From: Cindy firstname.lastname@example.org
I, as have others, have run into the stumbling block of the burned courthouse or other building destroying the records that I need. This morning it was brought home watching the news of the fire in Everett WA.
They showed the damage to documents and photos caused by the water used to put out the fire. Someone they interviewed talked of all those who haddonated items and artifacts to the museum and how the items were now probably lost. It was kind of heartbreaking. The news article says they don't know how bad the damage was but it looked bad on TV. http://seattletimes.nwsource.com/html/localnews/2003647497_websnocofire02m.html
So my question is what are some of the work-arounds to find substitutes for the burned records. (Such as the 1890 census.)
Thanks,Cindy in Snohomish (who woke up to nearly three inches of snow)
DearCINDY in Snohomish (who woke up to nearly three inches of snow),
Ol'Myrt also saw the video of the water damage of the fire started about "1 p.m. during work on the 40,000-square-foot building (at 2815 Baker Avenue). The building houses, among other things, storage space for artifacts from the Museum of Snohomish County History. The museum recently closed its doors." IBID. Heartbreaking, simply heartbreaking!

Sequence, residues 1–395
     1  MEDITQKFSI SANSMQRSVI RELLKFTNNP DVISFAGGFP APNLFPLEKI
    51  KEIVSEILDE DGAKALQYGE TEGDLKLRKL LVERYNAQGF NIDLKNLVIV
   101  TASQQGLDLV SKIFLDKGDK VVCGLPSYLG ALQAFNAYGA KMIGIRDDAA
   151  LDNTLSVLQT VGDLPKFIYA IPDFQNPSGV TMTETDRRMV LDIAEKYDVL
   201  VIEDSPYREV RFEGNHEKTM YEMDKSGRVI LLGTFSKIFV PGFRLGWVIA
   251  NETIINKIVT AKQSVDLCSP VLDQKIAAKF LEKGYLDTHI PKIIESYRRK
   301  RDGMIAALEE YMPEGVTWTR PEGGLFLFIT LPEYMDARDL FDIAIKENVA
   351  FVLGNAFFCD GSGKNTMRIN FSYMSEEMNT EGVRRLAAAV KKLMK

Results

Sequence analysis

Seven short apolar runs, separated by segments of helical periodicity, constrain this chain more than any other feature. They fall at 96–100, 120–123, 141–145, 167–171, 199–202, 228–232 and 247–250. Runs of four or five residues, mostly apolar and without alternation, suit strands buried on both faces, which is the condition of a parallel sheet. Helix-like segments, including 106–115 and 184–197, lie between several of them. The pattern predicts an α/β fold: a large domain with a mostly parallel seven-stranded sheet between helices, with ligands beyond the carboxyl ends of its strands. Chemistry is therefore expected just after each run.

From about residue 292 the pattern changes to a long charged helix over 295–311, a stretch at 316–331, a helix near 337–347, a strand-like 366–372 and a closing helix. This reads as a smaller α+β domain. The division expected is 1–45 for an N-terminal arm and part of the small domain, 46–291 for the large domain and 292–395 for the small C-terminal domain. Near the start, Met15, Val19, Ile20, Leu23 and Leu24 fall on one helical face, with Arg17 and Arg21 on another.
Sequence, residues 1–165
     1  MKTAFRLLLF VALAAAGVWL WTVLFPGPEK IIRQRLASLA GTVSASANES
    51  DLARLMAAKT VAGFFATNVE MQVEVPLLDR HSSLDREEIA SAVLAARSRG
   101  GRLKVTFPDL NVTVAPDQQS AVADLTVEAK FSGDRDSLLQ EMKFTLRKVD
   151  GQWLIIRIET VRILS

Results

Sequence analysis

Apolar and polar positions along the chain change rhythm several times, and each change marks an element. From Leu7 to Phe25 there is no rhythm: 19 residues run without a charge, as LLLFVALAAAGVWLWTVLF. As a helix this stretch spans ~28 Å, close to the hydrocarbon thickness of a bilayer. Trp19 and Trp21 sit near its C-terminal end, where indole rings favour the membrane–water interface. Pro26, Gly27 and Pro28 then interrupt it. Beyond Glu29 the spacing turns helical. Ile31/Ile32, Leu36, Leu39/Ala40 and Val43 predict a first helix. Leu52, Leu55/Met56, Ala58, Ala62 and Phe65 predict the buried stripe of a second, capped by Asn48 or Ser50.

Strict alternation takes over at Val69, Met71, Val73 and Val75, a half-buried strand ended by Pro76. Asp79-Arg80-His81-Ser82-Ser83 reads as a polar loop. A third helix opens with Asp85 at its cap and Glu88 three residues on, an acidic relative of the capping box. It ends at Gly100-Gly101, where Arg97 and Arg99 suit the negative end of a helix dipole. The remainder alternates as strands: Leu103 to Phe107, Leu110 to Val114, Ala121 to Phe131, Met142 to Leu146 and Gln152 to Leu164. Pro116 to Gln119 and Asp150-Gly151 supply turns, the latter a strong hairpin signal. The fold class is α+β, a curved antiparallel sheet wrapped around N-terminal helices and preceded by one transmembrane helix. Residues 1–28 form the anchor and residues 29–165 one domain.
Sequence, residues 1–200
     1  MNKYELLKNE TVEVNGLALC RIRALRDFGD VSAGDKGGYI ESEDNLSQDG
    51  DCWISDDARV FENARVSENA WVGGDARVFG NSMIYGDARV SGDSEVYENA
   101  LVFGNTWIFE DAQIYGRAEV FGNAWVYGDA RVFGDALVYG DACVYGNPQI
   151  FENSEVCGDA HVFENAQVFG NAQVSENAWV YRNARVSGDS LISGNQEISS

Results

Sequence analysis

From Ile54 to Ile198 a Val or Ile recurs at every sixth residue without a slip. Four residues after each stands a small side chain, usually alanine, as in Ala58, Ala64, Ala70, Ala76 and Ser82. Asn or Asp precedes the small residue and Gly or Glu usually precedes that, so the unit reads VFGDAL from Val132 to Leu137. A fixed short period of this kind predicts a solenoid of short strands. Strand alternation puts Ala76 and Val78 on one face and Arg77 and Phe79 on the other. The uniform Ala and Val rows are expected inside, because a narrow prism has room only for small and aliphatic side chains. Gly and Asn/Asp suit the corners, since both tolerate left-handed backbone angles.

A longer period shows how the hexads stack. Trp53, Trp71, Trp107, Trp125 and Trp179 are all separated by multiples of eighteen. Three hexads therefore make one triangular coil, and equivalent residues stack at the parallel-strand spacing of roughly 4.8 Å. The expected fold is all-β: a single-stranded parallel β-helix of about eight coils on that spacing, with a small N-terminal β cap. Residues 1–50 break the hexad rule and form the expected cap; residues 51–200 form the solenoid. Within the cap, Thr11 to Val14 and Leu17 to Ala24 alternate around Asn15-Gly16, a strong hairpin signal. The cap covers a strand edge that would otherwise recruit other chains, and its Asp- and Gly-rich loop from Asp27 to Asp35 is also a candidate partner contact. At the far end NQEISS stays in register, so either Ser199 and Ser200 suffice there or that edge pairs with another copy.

It's always difficult to see hundreds of years of documents and artifacts succumb to the ravages of fire or other damage. The folks researching Georgia and South Carolina ancestors can certainly speak to this subject.
As for "work arounds", the most likely resource would be to connect with other researchers who have experience in the locality where you ancestors once lived. Find such folks by going to:
- Ancestry.com Message Boards
I have heard of instances where the land records were re-recorded after such a devastating incident quite simply because folks want to preserve their ownership while witnesses are available.
Happy family tree climbing!
Your friend in genealogy.
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